YEREVAN — Dr. Tom Catena, who leaves the Nuba Mountains only in utter necessity, will fly to Armenia in order to attend the Aurora Prize weekend of events and the Award Ceremony in Yerevan. He was nominated last year as well. But in 2016, he didn’t attend the ceremony. He couldn’t. This year, however, the people of the Nuba Mountains will be able to rely on three Armenian doctors who will be substituting for him, and, like him, will save lives.
Lieutenant Colonel Gevorg Voskanyan, Major Hayk Hovhannisyan and Armine Barkhudaryan did now waver for a second when told that they are urgently needed in a remote corner of the world.
“This isn’t my first mission. Twice in 2010 and 2013 I have served in Afghanistan as a member of the Armenian peacekeeping forces,” said Hovhannisyan, Deputy Chief of the Surgery Unit at the Central Clinical Military Hospital of Armenia’s Defense Ministry. “It didn’t take long to decide, considering the framework and urgency of the mission. To me it would be unacceptable to decline.”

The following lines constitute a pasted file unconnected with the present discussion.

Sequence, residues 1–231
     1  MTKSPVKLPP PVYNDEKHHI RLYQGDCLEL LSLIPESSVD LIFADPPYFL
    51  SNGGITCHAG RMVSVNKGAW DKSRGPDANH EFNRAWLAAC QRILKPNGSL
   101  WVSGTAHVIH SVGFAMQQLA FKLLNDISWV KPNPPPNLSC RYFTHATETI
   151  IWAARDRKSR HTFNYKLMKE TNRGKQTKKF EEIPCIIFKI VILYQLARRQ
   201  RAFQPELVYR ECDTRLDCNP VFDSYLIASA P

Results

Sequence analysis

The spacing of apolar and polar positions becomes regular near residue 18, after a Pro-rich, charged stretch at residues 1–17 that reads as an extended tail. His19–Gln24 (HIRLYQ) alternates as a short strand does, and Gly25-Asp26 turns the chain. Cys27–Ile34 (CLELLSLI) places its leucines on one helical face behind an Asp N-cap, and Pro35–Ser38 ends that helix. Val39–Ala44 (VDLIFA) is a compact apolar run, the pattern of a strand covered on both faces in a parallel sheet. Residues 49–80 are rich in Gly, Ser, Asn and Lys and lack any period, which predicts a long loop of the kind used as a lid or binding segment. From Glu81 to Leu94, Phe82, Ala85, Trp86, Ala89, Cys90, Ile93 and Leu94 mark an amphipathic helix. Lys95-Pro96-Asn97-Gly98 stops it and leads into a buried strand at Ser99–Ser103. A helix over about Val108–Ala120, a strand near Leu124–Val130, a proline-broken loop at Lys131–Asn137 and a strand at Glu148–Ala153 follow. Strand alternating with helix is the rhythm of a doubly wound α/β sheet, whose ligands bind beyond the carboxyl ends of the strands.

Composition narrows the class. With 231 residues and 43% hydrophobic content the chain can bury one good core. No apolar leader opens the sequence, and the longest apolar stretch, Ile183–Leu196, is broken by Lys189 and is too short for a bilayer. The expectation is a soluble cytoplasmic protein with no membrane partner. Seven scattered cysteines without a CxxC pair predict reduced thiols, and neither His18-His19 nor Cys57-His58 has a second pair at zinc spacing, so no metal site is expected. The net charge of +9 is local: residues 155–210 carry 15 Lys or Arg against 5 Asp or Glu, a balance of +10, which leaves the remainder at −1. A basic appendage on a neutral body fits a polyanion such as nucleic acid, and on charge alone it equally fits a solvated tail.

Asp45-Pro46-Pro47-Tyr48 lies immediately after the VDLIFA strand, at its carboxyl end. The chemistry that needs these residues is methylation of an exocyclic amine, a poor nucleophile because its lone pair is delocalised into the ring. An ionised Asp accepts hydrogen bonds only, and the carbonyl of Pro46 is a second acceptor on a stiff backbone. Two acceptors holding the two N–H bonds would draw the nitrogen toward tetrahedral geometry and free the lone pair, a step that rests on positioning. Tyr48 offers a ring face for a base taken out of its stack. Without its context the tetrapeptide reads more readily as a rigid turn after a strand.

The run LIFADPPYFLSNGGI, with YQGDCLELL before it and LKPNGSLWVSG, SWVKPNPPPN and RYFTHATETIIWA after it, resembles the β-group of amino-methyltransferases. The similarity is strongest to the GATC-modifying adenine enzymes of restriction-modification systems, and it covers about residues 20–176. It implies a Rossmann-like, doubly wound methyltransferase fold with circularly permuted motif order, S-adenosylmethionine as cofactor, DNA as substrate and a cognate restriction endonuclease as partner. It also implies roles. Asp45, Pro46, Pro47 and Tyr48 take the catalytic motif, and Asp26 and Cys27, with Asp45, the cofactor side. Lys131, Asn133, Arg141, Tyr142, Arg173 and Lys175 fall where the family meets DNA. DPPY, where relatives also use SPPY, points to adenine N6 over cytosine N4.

“It is impossible to overestimate the value of humanism for physicians. I cannot be satisfied working under relatively easy conditions of peace while I see there are committed people who are serving in the most dangerous places and conditions, regardless of their ethnicity or religion,” observed Voskanyan, chief surgeon at the Central Clinical Military Hospital of Armenia, who has served 23 years as a military doctor.
In Sudan, Voskanyan and Hovhannisyan will be joined by Barkhudaryan, who is on a humanitarian mission at the hospital in Malindi, Kenya, where she is much needed.
“Every detail of Tom Catena’s story is inspiring, I don’t even know what to highlight. Both of us are doctors, yet it was very difficult for me to acknowledge where he is now, versus where I am. The person with the same profession as me risks his life, he serves so many patients, lives in those harsh conditions of war, and what about me, I thought?”